US consulate in HK loathed as ‘spy center’

By Wang Qi Source: Global Times Published: 2020/7/23 21:23:40

Online polls show majority of Chinese believe facility should be shut down

Hong Kong residents hold banners opposing the US and foreign meddling in China's internal affairs in front of the US Consulate General in Hong Kong on July 2.

The US consulate in Hong Kong and Macao tops social media polls on the "US consulate in China most likely to be closed," after the US asked the Chinese consulate in Houston to close, which observers said reflects the Chinese public's anger over US meddling in Hong Kong affairs and a warning to American "intelligence hegemony."

Although the chance of closing the consulate in Hong Kong as a countermeasure may be remote, analysts noted that it would be perfect timing for China to clean up "redundant employees" in the US consulate doing intelligence work. 

Observers estimated the US consulate has more than 1,100 employees. In 2019 during the peak of Hong Kong riots, the number of employees was estimated to top 1,600, while employees of the Liaison Office of the Central People's Government in the Hong Kong Special Administrative Region were fewer than 200.

In latest online polls launched by Chinese media outlets, 66 percent of respondents believe the US consulate in Hong Kong and Macao "is most likely to be closed." One poll done by the Global Times on Twitter had more than 11,000 responses, and another one by on Sina Weibo received 46,000 votes.

Yin Hongbiao, an expert on Hong Kong affairs at Peking University, told the Global Times on Thursday that Hong Kong is one of the world's major centers for espionage activities, especially for the UK and the US. International relations experts said the US consulate in Hong Kong has long been serving more as an anti-China camp for the US than a diplomatic facility. 

Lü Xiang, a research fellow at the Chinese Academy of Social Sciences in Beijing, said that China should impose a limit on the number of foreign consulate employees. 

China does not need to act as reckless as the US and abruptly order a foreign consulate to close, since China always guarantees the convenience of legal activities of foreign citizens. But amid the US-initiated spat, China should clean US intelligence presence in a Chinese city when there are too many Americans doing espionage work in the name of diplomatic needs, Lü said.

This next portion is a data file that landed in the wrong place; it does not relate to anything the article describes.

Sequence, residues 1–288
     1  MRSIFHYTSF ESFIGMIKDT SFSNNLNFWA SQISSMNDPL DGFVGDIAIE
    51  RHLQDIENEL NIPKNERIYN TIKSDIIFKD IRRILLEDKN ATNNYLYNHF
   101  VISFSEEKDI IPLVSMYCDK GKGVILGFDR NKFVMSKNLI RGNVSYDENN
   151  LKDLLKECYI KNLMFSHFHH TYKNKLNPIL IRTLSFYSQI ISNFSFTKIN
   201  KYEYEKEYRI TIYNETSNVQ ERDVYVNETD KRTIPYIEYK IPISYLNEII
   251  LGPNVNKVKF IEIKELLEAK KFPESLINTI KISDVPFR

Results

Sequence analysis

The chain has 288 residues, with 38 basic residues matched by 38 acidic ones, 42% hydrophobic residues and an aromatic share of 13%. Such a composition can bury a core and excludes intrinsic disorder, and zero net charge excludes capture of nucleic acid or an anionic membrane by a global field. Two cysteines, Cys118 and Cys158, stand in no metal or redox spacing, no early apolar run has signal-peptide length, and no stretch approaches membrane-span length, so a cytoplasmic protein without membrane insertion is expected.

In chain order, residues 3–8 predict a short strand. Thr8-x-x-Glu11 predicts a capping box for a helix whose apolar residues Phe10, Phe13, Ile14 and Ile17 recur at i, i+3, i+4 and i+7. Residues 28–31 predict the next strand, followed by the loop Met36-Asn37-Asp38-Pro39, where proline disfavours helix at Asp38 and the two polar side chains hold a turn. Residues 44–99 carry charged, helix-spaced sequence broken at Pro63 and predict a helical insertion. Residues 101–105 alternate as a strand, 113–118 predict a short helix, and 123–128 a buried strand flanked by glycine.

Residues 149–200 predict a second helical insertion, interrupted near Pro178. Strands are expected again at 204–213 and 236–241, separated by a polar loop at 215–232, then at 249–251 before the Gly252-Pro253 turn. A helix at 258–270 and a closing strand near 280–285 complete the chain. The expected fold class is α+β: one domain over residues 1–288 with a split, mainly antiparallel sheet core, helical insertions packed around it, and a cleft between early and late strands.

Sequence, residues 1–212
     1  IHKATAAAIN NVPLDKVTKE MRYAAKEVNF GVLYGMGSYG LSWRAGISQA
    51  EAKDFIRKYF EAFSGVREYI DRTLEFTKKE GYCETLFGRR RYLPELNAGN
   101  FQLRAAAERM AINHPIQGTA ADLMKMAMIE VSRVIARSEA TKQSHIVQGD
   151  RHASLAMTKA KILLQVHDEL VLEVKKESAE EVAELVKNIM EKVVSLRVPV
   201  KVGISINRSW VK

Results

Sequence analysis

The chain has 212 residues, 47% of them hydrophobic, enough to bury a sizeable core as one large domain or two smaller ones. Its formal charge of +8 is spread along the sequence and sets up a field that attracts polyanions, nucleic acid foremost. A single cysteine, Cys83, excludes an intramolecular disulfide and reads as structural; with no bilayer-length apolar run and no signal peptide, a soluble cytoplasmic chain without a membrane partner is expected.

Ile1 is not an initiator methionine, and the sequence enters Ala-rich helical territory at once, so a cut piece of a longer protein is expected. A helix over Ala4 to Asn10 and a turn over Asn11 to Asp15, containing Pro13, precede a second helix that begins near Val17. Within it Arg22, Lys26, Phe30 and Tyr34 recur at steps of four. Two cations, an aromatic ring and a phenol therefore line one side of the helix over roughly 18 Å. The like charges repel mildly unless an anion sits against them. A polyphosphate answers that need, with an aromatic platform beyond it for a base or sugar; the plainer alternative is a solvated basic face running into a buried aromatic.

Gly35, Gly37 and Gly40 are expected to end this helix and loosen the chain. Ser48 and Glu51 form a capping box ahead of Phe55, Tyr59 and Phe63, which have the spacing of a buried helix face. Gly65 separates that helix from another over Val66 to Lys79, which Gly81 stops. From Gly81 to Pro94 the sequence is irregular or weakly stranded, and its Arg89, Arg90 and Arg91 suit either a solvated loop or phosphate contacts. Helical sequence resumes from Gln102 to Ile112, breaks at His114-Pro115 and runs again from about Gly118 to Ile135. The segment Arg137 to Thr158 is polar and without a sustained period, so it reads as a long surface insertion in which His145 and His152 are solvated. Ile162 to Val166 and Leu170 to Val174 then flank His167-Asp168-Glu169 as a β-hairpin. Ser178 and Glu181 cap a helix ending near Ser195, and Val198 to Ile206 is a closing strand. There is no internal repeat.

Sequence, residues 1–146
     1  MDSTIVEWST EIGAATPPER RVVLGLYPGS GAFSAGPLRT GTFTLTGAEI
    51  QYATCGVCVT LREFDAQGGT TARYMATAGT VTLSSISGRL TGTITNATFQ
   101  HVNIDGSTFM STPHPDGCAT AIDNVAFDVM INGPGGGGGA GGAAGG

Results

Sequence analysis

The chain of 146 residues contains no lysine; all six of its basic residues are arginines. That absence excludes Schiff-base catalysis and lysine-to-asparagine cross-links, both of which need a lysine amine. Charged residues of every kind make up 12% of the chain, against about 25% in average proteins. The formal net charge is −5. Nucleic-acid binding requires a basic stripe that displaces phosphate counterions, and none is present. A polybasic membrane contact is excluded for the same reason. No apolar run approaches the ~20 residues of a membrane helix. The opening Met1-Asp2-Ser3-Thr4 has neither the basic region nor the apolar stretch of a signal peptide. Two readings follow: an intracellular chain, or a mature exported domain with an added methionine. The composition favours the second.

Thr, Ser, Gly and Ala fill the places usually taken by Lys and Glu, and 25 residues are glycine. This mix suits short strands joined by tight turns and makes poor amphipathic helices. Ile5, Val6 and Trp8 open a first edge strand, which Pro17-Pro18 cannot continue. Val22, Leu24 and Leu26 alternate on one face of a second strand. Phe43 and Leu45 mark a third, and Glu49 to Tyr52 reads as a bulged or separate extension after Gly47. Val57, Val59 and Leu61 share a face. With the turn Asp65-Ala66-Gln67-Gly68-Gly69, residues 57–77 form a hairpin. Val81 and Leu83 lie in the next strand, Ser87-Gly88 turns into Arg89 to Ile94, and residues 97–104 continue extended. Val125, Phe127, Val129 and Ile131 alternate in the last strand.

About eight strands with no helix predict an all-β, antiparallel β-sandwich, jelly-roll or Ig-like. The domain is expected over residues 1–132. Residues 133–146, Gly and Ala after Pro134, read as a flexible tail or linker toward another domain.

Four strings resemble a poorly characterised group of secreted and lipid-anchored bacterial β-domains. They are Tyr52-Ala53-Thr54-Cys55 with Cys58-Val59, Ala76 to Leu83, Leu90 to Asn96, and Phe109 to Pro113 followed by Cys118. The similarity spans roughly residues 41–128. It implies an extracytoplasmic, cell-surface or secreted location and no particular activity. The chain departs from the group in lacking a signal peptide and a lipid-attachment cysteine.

After the 1997 handover of Hong Kong, the US consulate increased its staff from 610 to more than 1,000, and one of its tasks is to turn Hong Kong into a "democratic front" and separate it from the country, Chinese observers said. 

US Secretary of State Mike Pompeo is former director of the CIA, and the Trump administration's frequent interventions in Hong Kong affairs in recent years have raised wide concerns over the national security situation in Hong Kong. 

In August 2019 during the Hong Kong riots, Julie Eadeh, the political unit chief of the US consulate in Hong Kong and Macao, met with secessionist leaders, including Joshua Wong, Nathan Law Kwun-chung and Martin Lee Chu-ming, media reported.

Former CIA employee Edward Snowden said in 2013 that US National Security Agency (NSA) had been hacking computers in Hong Kong and the Chinese mainland since 2009, including those in the Chinese University of Hong Kong, which houses the Hong Kong Internet Exchange. Ninety-nine percent of internet activity in Hong Kong has been passing through it since 1995. 

Yin said that the US was responsible for the latest round of diplomatic frictions, which is not in line with mutual benefits. But Donald Trump was determined to use it as his limited anti-China cards in a desperate bid to win the election, and a political legacy to restrict the future administration. 

Cai Wei, China's Consul General in Houston, on Wednesday told media that the order to close the Chinese consulate in Houston is political provocation, which seriously violates international law, basic principles of international relations and the bilateral consular agreement. 

"We urge the US side to immediately revoke this erroneous decision. Otherwise, China will have to respond with legitimate and necessary actions," Cai said. 

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